there for me, Henrietta?


Okay, girl, you take
care of the place, huh?

There are laws against
trespassing, Mr. West.

You should know that.

I do, Mr. Poore.

And there are laws
against murder.

You should know that.

The murder of Amos
Rawlins is a closed case.

Lucius Brand goes to the gallows

in just four hours.

You paid Abigail
Moss to lie in court?

Or should I ask her,
since she just left town?

I'm not under
cross-examination, West.

You and I are gonna have
a talk with Judge Blake

before Brand hangs for a
murder he didn't commit.

Well, now, that seems
reasonable enough.

His office is just
across the street.

All right, now.

In here now, quickly.

Hello there,
Henrietta, sweetheart.

How are your pinfeathers, huh?

You just hold on
to them, sweetheart,

because by this time tomorrow...

You'll be dead.

We've been waiting
such a long time

for you, Mr. Gordon.


Me and the baby

that my husband
will never live to see.


may I ask what you intend
to do with that, Mrs. Brand?

Lucius is gonna die
for a killing he didn't do.

And so why not you,

and after you, Mr. West too?

He'll die too.

Oh, no, Mrs. Brand.

Whatever else you do,

you be very, very
careful not to kill me.

Because if you do,

your husband will surely die.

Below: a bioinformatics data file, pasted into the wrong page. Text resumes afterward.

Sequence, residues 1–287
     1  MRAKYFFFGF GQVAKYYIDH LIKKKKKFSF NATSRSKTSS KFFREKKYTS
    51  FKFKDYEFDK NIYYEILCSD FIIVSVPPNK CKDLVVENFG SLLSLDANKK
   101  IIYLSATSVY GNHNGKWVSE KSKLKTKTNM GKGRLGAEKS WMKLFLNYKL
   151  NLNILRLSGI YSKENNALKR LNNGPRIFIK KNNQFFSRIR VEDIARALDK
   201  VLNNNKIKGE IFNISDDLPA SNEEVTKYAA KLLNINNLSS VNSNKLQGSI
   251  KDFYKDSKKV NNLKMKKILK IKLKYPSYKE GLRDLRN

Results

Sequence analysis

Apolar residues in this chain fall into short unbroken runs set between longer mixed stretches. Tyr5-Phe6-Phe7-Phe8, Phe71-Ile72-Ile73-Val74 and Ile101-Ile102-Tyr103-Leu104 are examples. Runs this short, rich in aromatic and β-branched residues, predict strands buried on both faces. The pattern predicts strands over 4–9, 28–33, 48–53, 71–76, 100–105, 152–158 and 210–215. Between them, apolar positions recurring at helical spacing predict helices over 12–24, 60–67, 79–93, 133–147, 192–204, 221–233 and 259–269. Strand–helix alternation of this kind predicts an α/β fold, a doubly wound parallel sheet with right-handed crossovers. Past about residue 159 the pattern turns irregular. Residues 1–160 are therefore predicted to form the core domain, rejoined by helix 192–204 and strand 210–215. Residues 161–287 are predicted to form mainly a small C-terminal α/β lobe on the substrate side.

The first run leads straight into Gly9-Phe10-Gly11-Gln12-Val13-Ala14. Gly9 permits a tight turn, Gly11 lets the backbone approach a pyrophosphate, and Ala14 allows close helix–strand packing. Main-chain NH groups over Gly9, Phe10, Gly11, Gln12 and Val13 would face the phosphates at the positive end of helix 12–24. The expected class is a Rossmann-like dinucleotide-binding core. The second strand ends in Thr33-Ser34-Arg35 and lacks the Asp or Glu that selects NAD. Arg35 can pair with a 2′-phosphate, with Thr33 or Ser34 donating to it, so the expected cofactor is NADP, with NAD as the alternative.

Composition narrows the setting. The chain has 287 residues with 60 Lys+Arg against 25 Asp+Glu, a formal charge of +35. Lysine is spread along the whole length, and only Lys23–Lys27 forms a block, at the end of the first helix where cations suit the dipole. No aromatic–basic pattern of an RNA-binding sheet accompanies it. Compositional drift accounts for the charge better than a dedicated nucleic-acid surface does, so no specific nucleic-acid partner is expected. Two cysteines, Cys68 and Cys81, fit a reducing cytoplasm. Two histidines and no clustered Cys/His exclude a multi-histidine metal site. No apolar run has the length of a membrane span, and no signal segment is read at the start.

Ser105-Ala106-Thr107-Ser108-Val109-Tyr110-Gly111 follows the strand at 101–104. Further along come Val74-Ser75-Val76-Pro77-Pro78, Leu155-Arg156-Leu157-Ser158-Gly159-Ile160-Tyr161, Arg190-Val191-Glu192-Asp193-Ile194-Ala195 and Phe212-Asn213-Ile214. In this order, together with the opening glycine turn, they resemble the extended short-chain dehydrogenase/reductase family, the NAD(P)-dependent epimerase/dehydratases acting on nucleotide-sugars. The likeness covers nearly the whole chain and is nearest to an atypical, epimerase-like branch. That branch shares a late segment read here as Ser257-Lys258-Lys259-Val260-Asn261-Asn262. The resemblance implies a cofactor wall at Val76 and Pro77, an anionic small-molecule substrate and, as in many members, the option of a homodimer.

What do you mean?

I mean I'm going to save him,

because he's not guilty.

And unless I've become
a complete and total idiot,

I can prove it too.

Now put that silly
thing away, will you,

and give me a hand here.

You can start by turning
down those wall sconces.

Now I have here
two daguerreotypes,

which I have studied until
my eyes almost gave out.

Here's the first one.

You recognize those
people, don't you?

If you're gonna tell me that
my husband's in that picture...

Now, wait a minute, Mrs. Brand.

Please, just let me show
you the second daguerreotype

right over here,

taken immediately
after the murderer fired.

Notice, if you please,

that standing between
your husband's look-alike

and the murderer's
victim is this gentleman.

That's it!

That's just what I figured!


These grids convert

the two-dimension
of the daguerreotype

into a kind of a
mathematical three-dimension.


look at that.

Grid A-3.

Rawlins, the murderer's victim.

Grid B-4.

Creed, the target
for the gunman.

Grid B-7.

Mr. Lucius Brand's look-alike,
right next to dear Abby.

And Grid G-2.

Our obliging cowboy friend,

standing right
between the murderer

and his intended victim.

You... You mean
that... That Lucius...

Is going to be a free
man, Mrs. Brand.

As soon as I can get these over

to the district
attorney's office.

Ah, there you are, Mr. West.

You'll pardon me if I keep
on working away at this.

Of course.

I assume the Secret Service

has a substantial insurance plan

to comfort your loved ones.

Double indemnity if I'm
barbecued in the line of duty.


Now, this should give us some
time for unfinished business.

Before my accidental
death by fire.


When the candle burns down...

Oh, let me guess.

The candle burns
down to the rope,

the rope burns,

and the lamp falls
and the room is on fire.

And James West goes
out in a blaze of glory.

That's the same method
you used in the livery stable.

You're in a rut, Poore.

I wouldn't be concerned.

You'll be in a
grave soon enough.

Let's go.

Rawlins' position at
the head table was here.